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Newt Gingrich’s public riffs on the president’s moral shortcomings are Issue 1. Chatter about the indictment of Webster Hubbell and the release of his taped prison phone calls captures Issue 2. And Thursday’s White House press conference–memorable for the answers Clinton didn’t give–is Issue 3.
International news, such as the Senate vote to expand NATO, and the European Union’s further move toward a common currency, makes nary a ripple.
Gingrich’s departure from his freshly cultivated nicey-nicey image is largely unexpected and brings snickers from consistency mavens: “Was that the new old Gingrich or the old new new Gingrich?” asks Al Hunt (CNN’s Capital Gang). Eleanor Clift (The McLaughlin Group) is not surprised at all: By playing the attack dog, Gingrich is simply “reverting to form.”
Why such an aggressive strategy? It’s the only way to make people realize that this isn’t about sex, it’s about the rule of law (Paul Gigot, PBS’s NewsHour With Jim Lehrer). The Republican right-wingers–Clinton-haters, moralists, religious people–want “red meat” (Juan Williams, Fox News Sunday; joined by Pat Buchanan and Jay Carney, The McLaughlin Group; and Hunt). Personal attacks are advance work for Starr’s report, a preliminary strike against Clinton’s sky-high approval ratings (Hunt; Tony Blankley, NBC’s Meet the Press). Newt is simply more comfortable being mean–at heart he’s a “bomb thrower” (Clift; joined by Robert Novak, Capital Gang; and Morton Kondracke, The McLaughlin Group).
Of course, notes Mark Shields (NewsHour), there’s much risk in playing the villain. Explicitly personal attacks on the president provide exactly the “background music, the wallpaper” that Clinton would want as a backdrop. Gingrich’s attacks, which came off as terribly partisan, mitigate damage to the president’s popularity caused by some of this week’s more embarrassing developments. George Stephanopoulos (This Week) joins the chorus noting that the president is blessed to have such inept enemies as Gingrich (last week’s target was Dan Burton).
Burton–who was publicly flayed last Sunday for calling Clinton a “scumbag”–is flayed again, this time for releasing tapes of phone calls between Webster Hubbell, then incarcerated, and his wife. It may be legal, admits Mara Liasson (Fox News Sunday), but it’s a rotten thing to do. Burton was also stupid to so tendentiously edit the tapes he released (Fred Barnes, Meet the Press). He did not include sections in which Hubbell cleared Hillary Clinton, once his law partner, of any wrongdoing in the matter that initially landed Hubbell in the stir.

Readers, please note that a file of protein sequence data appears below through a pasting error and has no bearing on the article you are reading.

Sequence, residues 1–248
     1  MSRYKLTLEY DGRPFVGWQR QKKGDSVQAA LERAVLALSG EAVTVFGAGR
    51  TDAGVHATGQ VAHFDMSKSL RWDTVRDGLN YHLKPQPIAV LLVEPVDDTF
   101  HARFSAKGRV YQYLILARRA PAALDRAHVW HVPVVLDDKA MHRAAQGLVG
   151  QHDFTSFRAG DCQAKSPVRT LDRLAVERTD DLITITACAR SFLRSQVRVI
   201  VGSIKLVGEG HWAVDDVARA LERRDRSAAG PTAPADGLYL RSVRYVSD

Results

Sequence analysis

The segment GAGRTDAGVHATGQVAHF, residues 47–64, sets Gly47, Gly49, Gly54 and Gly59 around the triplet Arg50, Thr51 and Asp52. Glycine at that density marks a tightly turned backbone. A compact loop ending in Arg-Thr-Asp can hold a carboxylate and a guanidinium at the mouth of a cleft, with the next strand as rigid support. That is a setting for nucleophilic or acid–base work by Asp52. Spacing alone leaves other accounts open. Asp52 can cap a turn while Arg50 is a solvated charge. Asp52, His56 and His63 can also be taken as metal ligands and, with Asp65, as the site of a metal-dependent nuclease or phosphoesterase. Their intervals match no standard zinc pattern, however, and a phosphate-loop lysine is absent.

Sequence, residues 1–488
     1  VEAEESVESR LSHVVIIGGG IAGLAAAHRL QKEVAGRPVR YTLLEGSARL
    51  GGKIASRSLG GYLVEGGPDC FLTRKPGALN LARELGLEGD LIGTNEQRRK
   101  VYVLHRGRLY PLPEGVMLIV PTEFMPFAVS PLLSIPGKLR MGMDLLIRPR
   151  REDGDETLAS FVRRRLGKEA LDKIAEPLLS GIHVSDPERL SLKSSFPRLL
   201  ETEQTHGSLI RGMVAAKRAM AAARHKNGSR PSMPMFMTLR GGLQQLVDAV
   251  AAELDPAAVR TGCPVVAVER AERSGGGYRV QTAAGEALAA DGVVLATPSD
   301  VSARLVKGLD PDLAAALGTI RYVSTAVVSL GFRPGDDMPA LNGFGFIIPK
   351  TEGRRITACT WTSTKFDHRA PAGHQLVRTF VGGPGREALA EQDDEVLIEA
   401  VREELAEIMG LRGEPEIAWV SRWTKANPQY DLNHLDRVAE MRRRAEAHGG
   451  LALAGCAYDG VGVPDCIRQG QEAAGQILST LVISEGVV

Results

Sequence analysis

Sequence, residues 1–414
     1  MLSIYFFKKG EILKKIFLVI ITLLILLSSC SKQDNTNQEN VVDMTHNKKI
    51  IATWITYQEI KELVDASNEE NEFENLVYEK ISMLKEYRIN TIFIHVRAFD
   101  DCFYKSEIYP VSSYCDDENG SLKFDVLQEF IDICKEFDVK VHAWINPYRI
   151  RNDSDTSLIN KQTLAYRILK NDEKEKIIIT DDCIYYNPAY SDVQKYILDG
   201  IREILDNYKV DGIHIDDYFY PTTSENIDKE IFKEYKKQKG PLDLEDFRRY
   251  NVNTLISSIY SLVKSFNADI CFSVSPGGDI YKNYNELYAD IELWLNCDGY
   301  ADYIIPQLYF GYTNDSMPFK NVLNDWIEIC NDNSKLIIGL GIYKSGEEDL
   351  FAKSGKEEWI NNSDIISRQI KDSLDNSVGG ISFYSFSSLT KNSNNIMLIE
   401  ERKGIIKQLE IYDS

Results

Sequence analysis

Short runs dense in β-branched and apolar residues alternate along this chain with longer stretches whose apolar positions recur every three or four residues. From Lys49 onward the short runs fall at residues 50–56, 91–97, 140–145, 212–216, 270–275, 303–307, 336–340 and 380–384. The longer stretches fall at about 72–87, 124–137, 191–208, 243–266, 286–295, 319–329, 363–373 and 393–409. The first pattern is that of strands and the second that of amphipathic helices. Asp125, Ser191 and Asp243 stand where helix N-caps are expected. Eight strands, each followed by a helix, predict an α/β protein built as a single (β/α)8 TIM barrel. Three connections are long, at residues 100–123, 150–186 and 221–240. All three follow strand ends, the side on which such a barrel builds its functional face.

Gigot thinks the tax fraud proceedings against Hubbell are legitimate and ordinary, while everyone else regards the indictments as trumped-up mini-crimes meant to squeeze Hubbell into giving Starr what he wants–cooperation. Maybe Starr doesn’t want the truth at all, ponders Williams; maybe he’ll just squeeze Hubbell until Hubbell fabricates something that hurts Clinton. But Hubbell won’t break easily. Brit Hume (Fox News Sunday) compares Hubbell’s understanding of loyalty to the Mob’s concept of omertà .
The presidential press conference, in which Clinton refused to answer scores of questions about Flytrap, was important to the commentariat for one chief reason. Clinton finally said with words what he’s been saying with actions for several months–he has no intention of further clarifying his relationship with Monica Lewinsky or anyone else. This won’t work, says Stephanopoulos, speaking politically: “You can [avoid questions] in one press conference. You cannot do it for two and a half years.” Speaking ethically, says Williams, this is “disturbing.” The president shouldn’t hide from the voters behind fancy-pants lawyers.
Opinion was varied about the merits of Clinton’s performance. He’s usually tiptop at fielding tough questions, agrees everyone. Most saw this week’s conference as another rhetorical masterpiece in his career of gems, but a few pundits thought the president looked angry and nervous.
A Nice Head-Shrinking Never Hurt Anyone: Based on the presidential press conference this week, Gigot senses that Clinton may be having difficulty separating myth and reality. Clinton, continues Gigot, has come to regard himself as a latter-day Jean Valjean, a decent man hounded by inexplicably cruel enemies. Sam Donaldson (This Week) thinks it odd that, at the same press conference, Clinton refused even to affirm that the president is above the law. Maybe he just “couldn’t bring himself to do that,” says Donaldson.